Taking pity on me, a senior colleague (who had gone through the same meat grinder before, and with great cunning offloading that dreadful beat to me) suggested what he said was the only workable solution. He said I should talk to a gentleman from a particular PR agency who was in the habit of delivering manila folders of FIPB approval documents days in advance of them becoming public to my Voldemorts.

I sought him out. It is perhaps the only recorded instance of an Indian journalist buying a PR person beer. I urged, no literally begged him, to show a modicum of fairness in his document distribution decisions. I suggested to him a 1:4 split ratio for the precious papers in accordance with the circulation differential of my newspaper with that of my adversaries’. The meeting yielded little other than vague assurances of help in other fronts of access. Don’t ask me how I survived the newsroom ordeal. Suffice to say I dug deep for depleting reserves of will to live on and recount the tale.

Santanu understood the financial potential of the skills he acquired working at newspapers and took enormous pride in the fact that the grey market going price of the IndianPetro’s access password was in excess of Rs 20,000. “Every reporter on the oil and gas beat in Delhi nicks stories from my website. Imitation is best form of flattery,” he would often gloat in his singsong Assamese accent.

Perhaps more than the act of entrepreneurship, Santanu was in love with the idea of being an entrepreneur. To him journalism had become pointless, a dour profession for people who sought steady income.  He tried to mask the naturally genteel air about him with an often exuberant display of tight-fists and mean-spiritedness.

He would often encourage some of his senior journalist friends to quit journalism altogether and join him full time with the possibility of profit sharing if they could free him up from day-to-day affairs of content management to focus on business development.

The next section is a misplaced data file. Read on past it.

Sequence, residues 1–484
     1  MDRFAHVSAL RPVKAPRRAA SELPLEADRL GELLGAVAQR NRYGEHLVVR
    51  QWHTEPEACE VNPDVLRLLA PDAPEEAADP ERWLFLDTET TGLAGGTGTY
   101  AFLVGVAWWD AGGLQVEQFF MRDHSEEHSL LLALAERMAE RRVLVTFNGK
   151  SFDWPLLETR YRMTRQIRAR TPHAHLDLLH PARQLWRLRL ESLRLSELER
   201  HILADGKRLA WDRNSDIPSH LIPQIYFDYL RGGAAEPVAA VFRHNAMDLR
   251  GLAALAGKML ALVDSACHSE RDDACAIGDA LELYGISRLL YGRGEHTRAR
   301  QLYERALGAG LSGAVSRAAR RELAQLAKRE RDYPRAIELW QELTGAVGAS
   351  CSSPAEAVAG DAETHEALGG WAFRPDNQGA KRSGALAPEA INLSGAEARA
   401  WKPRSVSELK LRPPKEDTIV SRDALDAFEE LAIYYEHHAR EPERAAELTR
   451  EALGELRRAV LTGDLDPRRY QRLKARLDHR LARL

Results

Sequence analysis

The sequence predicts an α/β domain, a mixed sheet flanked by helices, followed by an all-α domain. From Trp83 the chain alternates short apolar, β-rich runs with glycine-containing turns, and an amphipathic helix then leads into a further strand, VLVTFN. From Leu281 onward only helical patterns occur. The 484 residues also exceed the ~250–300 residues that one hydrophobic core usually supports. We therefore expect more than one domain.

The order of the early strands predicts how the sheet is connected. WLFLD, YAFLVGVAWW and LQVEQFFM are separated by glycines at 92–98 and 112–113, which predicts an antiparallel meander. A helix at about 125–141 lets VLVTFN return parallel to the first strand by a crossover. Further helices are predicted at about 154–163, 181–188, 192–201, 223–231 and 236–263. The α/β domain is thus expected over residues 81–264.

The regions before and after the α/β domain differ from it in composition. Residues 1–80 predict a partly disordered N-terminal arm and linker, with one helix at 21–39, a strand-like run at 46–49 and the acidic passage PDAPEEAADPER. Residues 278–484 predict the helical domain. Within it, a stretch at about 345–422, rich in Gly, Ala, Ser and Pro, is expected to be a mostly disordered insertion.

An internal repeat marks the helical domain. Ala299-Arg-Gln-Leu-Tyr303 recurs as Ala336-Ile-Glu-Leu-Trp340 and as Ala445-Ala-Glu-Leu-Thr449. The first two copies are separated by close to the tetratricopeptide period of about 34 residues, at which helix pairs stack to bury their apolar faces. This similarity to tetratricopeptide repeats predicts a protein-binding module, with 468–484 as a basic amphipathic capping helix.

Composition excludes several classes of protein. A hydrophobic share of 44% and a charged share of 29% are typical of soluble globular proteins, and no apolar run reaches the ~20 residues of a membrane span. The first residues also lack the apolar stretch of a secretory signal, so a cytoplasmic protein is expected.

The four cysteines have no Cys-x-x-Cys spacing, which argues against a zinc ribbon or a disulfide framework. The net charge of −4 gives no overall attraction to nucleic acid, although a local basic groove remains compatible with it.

Despite being a single parent, Santanu worked like a dog. Somewhat fittingly, in his room — the only one with the luxury of a window in the office — was a small painting by one of India’s best known and most expensive artists showing his wife Sabina walking on a leash a poodle with Santanu’s moustachioed face and an Assamese jaapi on its head. The tragic death of Sabina seemed to have turned the poodle into a pit bull of entrepreneurship. Besides wanting to build a Platt’s-like business-to-business information empire, he toyed with the idea of getting into general interest news journalism as well with a website called Altgaze.com in partnership with friend and veteran journalist Vrinda Gopinath. He had set himself a deadline of two years to take the revenue of his firm up to Rs 10 crore a year. “There is no bloody point otherwise. If I can’t do it, I’ll retire and go back to my ancestral house in Assam,” he’d say.

I’d lost touch with Santanu sometime in mid-2012. I don’t know if his business goals and motivations have undergone a massive change in these two years for him to become a corporate spy trying to “cover up” a Rs 10,000-crore scam.

I never did get the feeling that he was trying to use the government papers for anything other than for the purposes of his core business. To do otherwise would be akin to killing the goose that lays golden eggs. It’s hard for me to imagine Santanu undertaking the enormous risk of turning a spy for one or a handful of companies, at the cost of losing several hundred loyal subscribers and running his business to the ground.

Santanu is hardly the lone practitioner of this brand of journalism. Journalists, absolute masters in the theory and practice of contextual morality (read: hypocrisy), often justify pilfering government documents with the claim that they are serving the cause of openness in a democratic society and that the government has no business classifying any paperwork as “confidential”. Such claims would remind many of Arun Shourie’s assertion that people like Reliance’s Dhirubhai Ambani, by exceeding the lawful limits of production granted by their licence, not only built world-class companies but also “helped create the case for scrapping these regulations. They helped to make the case for reforms”.

Hopefully, the Santanu case will spark a wider debate about the ethicality of unscrupulous procurement of government files, and set a legally clear precedent about what constitutes public interest and what constitutes plain theft.